Monday, December 29, 2014
What it is like to shoot an elephant:
There was a young bull elephant in Zimbabwe named Buddy, who had been fed when he was little. He grew up to be the African equivalent of a nuisance bear in Yellowstone Park. He began chasing cars. A professional hunter named Sam was tasked with executing him. I was to back up Sam. He had me study elephant anatomy and read books by the famous Great White Hunters: Selous, Ruark, Selby, Corbett, Bell, etc. An elephant's brain is the size of a loaf of bread, surrounded all the way around by about 18" of bone. I practiced every day with a .458 Winchester Magnum. The recoil was very unpleasant. Every shot knocked me backwards two steps, and after five shots I'd have a headache for the rest of the day.
We baited him with alfalfa cubes, trying to get him downwind from the rest of the herd so that they wouldn't get involved. After three days we finally got him alone in neck-high elephant grass. I was facing him from about seventy-five yards away. Sam worked around to his side to get a lateral brain shot. I was looking through my rifle's scope head-on at Buddy when Sam fired. The impact was incredible. His whole head bounced like Jello, and dust came off all around. He spun 180 degrees and started running away. I should have been shooting by then, but I was stunned and simply couldn't believe that he had survived that impact. Sam shot him again, in the ass. Buddy slammed on the brakes, spun back around, and started scanning the grass like a radar. The only thing sticking up above it was me, like the idiot in one of those Far Side cartoons. I heard the trackers behind me take off running. Buddy locked onto me and started coming.
When elephants charge, they fan out their ears and trumpet. It's difficult to stand your ground, but it's the only viable option. If you run, they will catch you. If you climb a tree, they'll pick you like an apple. If you hide, they'll sniff you out. My rifle felt tiny, and I wished that I had a larger one.
I willed myself to be deliberate and pulled off a shot that seemed perfect. I knew it was beautiful when the trigger broke. Right between the eyes. Buddy didn't react at all, and kept on coming. Sam shot him in the side of the head again. He kept on coming. I had this sense of disbelief, that it just wasn't possible for him to absorb that much energy. I still wonder how many people have had that as their last thought. Buddy put his head down to use his tusks, and I shot him farther up his forehead. He came down like a falling building, and a cloud of dust rolled over me. We measured the distance at 27 yards, but it seemed like half that at the time. Turned out that all the head shots but the last had angled up over his brain without penetrating it.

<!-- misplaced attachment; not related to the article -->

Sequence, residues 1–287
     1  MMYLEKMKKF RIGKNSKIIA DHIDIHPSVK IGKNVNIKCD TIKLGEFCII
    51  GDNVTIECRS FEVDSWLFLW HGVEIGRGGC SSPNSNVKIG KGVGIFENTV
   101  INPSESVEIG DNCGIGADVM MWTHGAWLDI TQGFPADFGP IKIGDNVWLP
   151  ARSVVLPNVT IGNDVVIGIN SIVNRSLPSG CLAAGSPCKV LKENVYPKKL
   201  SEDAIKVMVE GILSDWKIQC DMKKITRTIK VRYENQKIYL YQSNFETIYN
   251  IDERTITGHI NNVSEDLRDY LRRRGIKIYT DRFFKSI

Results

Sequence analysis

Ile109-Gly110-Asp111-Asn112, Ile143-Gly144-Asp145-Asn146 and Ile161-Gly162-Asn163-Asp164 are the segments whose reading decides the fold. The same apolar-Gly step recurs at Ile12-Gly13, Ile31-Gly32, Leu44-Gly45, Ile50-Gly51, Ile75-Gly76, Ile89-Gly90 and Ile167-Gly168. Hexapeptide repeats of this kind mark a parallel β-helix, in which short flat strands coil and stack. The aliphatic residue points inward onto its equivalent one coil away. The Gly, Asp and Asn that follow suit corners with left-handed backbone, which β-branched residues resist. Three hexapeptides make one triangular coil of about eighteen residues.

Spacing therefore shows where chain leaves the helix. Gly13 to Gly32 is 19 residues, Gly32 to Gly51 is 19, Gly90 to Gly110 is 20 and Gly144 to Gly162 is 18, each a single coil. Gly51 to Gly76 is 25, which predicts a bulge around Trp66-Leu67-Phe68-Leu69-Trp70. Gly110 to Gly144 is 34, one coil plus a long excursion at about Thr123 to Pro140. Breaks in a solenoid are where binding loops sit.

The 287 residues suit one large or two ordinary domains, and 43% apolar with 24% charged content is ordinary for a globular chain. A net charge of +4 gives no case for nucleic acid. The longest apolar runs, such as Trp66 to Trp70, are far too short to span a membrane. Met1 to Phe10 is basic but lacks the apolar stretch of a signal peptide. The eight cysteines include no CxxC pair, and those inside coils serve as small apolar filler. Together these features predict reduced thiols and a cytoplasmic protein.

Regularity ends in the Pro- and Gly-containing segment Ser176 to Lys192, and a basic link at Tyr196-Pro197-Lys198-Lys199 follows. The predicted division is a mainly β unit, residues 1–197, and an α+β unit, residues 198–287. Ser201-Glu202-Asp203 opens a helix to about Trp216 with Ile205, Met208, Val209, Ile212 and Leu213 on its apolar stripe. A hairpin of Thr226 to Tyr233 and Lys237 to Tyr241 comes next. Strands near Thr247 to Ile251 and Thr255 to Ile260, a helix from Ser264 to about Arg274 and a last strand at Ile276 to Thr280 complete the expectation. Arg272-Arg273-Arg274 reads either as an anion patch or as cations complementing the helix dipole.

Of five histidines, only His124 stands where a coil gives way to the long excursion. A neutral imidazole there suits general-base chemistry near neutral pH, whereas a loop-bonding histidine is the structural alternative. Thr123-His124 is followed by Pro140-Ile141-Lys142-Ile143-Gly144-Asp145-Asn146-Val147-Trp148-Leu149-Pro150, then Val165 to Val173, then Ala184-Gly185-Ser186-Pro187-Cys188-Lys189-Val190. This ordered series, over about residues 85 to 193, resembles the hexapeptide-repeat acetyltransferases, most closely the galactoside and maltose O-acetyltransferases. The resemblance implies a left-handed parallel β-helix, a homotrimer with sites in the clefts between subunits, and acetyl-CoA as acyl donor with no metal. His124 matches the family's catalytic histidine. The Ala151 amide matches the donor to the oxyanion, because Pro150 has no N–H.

Shona who we hadn't even realized were watching started popping out of the bush with axes and knives. They dragged out the innards and were running around inside the rib cage. Scores of huge dung beetles arrived. Fascinating bugs that look like flying turtles. They each rolled a grape-fruit sized ball of dung away. The trackers started a fire and cooked Buddy's heart. We ate it to get elephant magic. They call it "muti". The local chief staggered away carrying the trunk. We filled a pickup truck with meat. In a few hours, everything was gone.
On the flight back to the US a couple days later, the movie was "Godzilla". Japanese soldiers were shooting him with bazookas as he crossed a bridge, but he just wouldn't die. I knew exactly how they felt.
I told some flight attendants that I'd shot an elephant. Some shunned me like an Amish apostate. Others confronted me to share their (negative) opinions. I've discovered that flight attendants don't appreciate my elephant muti as a rule.